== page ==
Kamal, Mustapha, Ph.D. University of California, Berkeley, 2000. 194 pages. Adviser: Monroe, James T. Publication Number: AAT 9979675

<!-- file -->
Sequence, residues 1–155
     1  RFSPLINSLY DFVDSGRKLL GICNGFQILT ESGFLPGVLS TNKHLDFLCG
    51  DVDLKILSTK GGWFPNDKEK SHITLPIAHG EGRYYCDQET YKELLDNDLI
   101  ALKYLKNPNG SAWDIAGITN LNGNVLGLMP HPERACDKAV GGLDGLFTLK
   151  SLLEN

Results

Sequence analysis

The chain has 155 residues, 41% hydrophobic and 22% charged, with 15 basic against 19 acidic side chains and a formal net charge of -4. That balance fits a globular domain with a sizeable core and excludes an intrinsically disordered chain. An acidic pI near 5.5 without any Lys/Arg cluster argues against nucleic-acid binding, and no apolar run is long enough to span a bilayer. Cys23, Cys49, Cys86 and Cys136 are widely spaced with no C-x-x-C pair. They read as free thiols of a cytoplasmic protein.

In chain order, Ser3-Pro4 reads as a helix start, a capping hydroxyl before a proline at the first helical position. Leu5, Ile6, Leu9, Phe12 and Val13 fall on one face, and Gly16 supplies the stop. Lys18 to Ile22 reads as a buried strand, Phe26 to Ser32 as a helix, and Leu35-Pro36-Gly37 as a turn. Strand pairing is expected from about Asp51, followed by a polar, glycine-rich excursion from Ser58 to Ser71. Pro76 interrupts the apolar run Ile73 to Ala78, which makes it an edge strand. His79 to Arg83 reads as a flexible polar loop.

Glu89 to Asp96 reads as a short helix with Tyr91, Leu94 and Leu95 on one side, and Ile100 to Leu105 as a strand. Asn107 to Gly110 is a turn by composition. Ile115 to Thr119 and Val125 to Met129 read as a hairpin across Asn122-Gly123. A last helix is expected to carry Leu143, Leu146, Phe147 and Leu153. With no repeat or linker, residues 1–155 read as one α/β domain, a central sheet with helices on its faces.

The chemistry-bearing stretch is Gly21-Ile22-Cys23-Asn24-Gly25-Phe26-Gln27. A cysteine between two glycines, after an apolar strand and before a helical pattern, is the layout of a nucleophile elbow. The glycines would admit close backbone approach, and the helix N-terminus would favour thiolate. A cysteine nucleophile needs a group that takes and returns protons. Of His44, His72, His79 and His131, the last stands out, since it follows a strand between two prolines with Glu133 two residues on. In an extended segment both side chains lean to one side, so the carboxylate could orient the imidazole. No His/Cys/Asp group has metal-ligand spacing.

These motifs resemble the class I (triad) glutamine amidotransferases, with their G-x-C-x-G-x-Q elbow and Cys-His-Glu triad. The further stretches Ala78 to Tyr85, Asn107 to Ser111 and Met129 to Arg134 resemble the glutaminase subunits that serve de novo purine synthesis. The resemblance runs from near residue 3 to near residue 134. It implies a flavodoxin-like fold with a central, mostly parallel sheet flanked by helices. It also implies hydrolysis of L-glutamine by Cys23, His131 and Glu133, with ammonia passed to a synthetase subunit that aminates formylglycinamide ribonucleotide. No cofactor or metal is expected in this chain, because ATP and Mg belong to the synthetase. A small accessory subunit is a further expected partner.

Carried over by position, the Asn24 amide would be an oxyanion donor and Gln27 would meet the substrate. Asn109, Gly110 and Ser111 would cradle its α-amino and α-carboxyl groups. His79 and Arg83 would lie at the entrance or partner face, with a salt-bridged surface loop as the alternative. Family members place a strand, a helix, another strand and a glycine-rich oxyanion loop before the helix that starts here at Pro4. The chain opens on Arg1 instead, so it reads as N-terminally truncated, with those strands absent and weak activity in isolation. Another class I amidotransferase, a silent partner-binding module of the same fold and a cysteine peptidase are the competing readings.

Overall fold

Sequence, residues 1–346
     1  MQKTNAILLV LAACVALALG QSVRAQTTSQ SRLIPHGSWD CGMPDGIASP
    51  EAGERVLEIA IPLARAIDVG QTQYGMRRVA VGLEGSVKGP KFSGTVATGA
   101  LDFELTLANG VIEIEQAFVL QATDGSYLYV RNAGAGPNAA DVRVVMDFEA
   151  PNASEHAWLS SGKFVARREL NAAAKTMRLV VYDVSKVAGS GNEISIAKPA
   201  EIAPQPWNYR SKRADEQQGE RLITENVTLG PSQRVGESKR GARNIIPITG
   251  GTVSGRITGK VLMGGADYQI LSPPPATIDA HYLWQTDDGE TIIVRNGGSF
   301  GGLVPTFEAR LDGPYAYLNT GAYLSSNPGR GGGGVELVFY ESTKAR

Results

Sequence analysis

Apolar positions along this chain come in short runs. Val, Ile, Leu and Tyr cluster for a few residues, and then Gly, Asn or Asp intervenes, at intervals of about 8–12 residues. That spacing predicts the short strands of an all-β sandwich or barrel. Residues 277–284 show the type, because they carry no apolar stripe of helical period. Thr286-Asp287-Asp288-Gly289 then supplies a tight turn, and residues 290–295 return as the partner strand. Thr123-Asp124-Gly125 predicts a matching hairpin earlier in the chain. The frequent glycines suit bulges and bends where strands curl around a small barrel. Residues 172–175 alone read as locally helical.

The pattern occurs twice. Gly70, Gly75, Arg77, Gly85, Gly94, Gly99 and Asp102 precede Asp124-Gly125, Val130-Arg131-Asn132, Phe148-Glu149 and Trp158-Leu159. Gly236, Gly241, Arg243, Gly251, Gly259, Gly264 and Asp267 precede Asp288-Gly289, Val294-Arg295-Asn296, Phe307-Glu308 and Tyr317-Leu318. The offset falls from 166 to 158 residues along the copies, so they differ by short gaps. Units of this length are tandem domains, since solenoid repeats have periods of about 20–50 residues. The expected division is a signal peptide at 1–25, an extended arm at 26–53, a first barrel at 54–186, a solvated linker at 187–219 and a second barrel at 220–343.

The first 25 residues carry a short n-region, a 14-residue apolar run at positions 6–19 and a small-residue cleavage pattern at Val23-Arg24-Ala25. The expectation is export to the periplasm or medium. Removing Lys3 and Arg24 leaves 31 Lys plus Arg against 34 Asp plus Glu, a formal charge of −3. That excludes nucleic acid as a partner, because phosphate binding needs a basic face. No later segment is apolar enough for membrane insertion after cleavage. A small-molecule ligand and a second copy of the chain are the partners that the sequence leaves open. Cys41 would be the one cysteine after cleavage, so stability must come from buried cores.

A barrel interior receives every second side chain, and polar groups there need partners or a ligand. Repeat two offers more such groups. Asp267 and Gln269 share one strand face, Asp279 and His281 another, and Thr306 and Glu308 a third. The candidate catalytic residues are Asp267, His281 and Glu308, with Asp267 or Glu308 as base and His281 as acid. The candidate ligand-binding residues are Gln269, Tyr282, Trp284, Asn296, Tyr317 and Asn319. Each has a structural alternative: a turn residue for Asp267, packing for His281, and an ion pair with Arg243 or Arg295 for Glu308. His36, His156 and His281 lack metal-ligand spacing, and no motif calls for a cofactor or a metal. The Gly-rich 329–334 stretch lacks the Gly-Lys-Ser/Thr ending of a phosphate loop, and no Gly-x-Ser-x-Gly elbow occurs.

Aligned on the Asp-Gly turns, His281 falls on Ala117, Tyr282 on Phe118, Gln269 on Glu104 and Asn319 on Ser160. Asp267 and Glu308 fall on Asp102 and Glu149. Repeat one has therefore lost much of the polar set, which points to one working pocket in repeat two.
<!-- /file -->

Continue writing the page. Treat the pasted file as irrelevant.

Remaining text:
Less than a century after the emergence of Islam in Arabia, the Muslims conquered Iberia and reached the south of France. The sudden appearance of the new conquerors north of the Straits of Gibraltar cause a great deal of anxiety among the Christians of Western Europe. Once the military threat stopped, Christians sought to understand the political and religious background of their enemy. In this struggle, their first reference was the Bible. Scholars interpreted several passages of the Scriptures (for example, The Book of Daniel) in order to find solace in the prophecies they contained. But as the struggle wore on, other forms of cultural opposition appeared. Thus in France, there developed a literary genre called chansons de geste, imbued with a crusading spirit. In many of these texts, the only good Sarrasins (i.e., Muslims) are the queens and princesses who convert to Christianity after the defeat of their co-religionists.